La Parmigiana 

I’ve been neglecting this blog over the last couple of months – with working more, moving house, catching up with family and getting reacquainted with Inverness, it just hasn’t been getting done. Some planned posts won’t appear but some are too special to not write about. This is one…


La Parmigiana is an Italian restaurant in Kelvinbridge, next to the Glasgow favourite Philadelphia. It’s been there for a long time and, when I lived in Kelvinbridge as a student, I used to walk past thinking ‘that place looks fancy’. It doesn’t give away much from the outside – generally a sign in a restaurant that its reputation is good enough to carry it or that the owners are using it as a front for something dodgy! Don’t worry, it’s the former in this case and La Parmigiana has a quiet air of success. Their website has photos of famous people posing with staff but once you see past that bumpf you’ll get to the real star – the food. 

The menu reads as traditional Italian – pasta starters and meaty main courses followed by creamy desserts. I already had high expectations for the food after being invited to a food & wine tasting night the previous year by a family member & long term fan of the restaurant. Each quality ingredient stood out in their uncomplicated tasters – it definitely whet my appetite. 

So here we were returning for a full dinner and I was more than ready. 

…So ready that I forgot to take a photo of the minestrone soup across the table. In fact, I think my husband had to remind me to photograph mine. A sign that he’s used to waiting to eat! 

I did try the minestrone and it was perfect. Their minestrone tasted how other places want theirs to – it was rich and tomatoey with a depth of flavour without being too filling. 

I had ordered the Tortelli d’Erbette e Ricotta al Burro e Parmigiano – don’t worry, the menu translates everything. These al dente parcels revealed rich ricotta mixed with the freshness of spinach. Once dunked in the butter and cheese, it was a delicious mouthful.

 

Mr S picked a starter from the specials – it was as if they knew he was coming because they had his favourite dish. Long pasta in a tomato sauce with prawns keeps him happy every time. And this one was raved about more than most, so much so that I couldn’t tell you if the difference was how fresh the pasta was, or if they had used the finest tomatoes or the best olive oil to set the plate off. All I know is that my husband was grinning from ear to ear. 

  


 The specials menu also decided our main courses as they had two sharing beef options. As much as I’m annoyed with myself for not remembering what cut it was it really doesn’t matter because by now I was utterly convinced that only quality was going to come out of that kitchen. It was on the bone, carved at the table and medium rare like we’d asked for it. The meat was melt in the mouth, no need for a sauce here. Heck, I could have eaten it without any carbs and veg because it was so good. I came over all carnivorous – I wanted to be in a garden chewing down with my bare hands, getting all the meat off the bone.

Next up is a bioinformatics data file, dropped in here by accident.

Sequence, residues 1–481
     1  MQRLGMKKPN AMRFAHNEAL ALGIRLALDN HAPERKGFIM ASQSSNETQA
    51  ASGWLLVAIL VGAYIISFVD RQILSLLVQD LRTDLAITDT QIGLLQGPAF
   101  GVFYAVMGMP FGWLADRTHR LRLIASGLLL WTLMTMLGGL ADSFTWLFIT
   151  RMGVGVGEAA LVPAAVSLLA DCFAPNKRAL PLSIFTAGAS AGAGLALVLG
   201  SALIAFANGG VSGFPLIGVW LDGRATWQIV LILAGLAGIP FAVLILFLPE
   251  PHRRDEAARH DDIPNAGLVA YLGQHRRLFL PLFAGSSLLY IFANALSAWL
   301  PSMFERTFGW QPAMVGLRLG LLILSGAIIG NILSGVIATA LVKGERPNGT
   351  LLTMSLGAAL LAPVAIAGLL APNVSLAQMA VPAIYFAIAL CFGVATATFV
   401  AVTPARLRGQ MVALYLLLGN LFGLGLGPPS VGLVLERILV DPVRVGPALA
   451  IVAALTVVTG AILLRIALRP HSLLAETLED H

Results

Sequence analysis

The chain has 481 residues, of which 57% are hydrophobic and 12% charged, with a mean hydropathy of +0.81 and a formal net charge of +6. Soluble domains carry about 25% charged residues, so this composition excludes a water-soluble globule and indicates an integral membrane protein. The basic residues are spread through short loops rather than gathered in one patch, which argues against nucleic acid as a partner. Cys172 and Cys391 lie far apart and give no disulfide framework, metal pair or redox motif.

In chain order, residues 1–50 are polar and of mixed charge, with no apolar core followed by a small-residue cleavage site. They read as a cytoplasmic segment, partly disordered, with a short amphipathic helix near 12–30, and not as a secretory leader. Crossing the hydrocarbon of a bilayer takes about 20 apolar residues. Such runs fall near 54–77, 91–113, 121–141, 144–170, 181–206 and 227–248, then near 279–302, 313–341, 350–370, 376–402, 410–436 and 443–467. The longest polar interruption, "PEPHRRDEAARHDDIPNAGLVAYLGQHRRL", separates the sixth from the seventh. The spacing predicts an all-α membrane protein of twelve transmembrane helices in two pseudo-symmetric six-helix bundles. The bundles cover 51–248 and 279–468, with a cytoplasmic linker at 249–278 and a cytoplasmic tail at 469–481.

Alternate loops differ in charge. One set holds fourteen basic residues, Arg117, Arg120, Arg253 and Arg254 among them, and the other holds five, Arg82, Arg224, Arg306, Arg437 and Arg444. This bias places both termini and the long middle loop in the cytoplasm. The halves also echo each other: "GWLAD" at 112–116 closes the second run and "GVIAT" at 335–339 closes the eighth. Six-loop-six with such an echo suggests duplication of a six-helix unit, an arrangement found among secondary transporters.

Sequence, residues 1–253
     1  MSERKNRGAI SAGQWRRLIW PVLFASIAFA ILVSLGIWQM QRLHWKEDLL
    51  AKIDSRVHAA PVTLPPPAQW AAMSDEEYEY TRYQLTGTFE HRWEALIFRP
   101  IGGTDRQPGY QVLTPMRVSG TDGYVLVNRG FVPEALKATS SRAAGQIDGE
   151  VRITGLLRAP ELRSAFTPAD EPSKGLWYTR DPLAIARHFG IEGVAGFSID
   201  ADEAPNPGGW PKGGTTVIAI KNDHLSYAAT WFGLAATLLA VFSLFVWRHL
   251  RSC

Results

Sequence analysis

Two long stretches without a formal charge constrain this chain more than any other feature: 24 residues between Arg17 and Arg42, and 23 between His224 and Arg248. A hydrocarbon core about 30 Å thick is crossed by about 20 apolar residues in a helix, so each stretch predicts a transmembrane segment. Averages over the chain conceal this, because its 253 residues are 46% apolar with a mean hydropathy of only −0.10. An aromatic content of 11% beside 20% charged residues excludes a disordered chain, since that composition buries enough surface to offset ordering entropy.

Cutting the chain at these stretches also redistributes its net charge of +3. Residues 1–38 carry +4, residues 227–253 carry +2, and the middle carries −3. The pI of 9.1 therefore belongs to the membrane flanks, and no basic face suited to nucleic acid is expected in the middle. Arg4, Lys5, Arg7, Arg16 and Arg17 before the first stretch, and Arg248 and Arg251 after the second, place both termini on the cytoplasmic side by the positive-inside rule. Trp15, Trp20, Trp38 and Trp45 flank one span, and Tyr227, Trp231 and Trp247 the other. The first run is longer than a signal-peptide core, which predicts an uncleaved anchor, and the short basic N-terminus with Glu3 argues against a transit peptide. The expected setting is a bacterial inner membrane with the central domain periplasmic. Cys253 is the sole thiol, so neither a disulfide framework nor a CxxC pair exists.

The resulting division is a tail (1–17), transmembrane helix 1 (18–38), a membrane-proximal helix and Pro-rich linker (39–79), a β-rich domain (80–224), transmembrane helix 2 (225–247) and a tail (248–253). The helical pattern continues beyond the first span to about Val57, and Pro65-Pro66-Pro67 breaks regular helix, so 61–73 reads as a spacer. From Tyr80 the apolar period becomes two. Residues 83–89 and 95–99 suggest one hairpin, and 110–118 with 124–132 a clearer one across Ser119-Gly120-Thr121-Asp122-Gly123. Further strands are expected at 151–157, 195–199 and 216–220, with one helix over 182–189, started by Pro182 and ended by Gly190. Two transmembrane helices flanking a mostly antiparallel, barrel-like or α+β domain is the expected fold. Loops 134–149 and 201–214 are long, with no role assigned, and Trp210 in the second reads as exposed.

It took some recovery time but we ordered desserts eventually.  The menu states that the chocolate fondant has a wait time but it wasn’t an issue. When it arrived it was melt in the middle and rich and gooey but I think I wanted the tiramisu. Yes, you read correctly. The chocolate fondant was everything it is supposed to be but Mr S had tiramisu and it just looked better than mine. I had food envy.

This was the tiramisu that stole me away from my fondant. The creamy mascarpone level was whipped so light and the sponge held the layers well. Serving coffee gelato with it was a stroke of genius and it was a first class dessert.   

I can’t fail to mention the wine because we tried three very delicious types (there were four of us before you ask, mum). My favourite was the Emporio Nero D’avola Merlot. I’ve convinced myself that most Merlots are not for me and the only reason it was ordered was because we asked for a recommendation. What a good move that was. 

La Parmigiana is more expensive than your average Italian restaurant with our starters ranging from six to twelve pounds and main courses around the twenty pound mark. You are paying for the quality and we felt it was justified. We were served some delicious food – traditional, authentic and simple have to be used to describe it. 

I almost feel like the restaurant staff want to keep the place a secret – just a quiet whisper between friends providing its trade. It is a more formal place, and somewhere that I wouldn’t wear jeans but they still made me feel relaxed.

There is a reason that the staff knew so many of the diners the night we were in – the place was full of contented regulars. I hope that the cycle continues for years to come because Glasgow would be a sad place without La Parmigiana. 

 

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5 comments

  1. My husband and I have been dinning in la parmigiana for 35 + years and will continue to do so for many years to come !! Hopefully !

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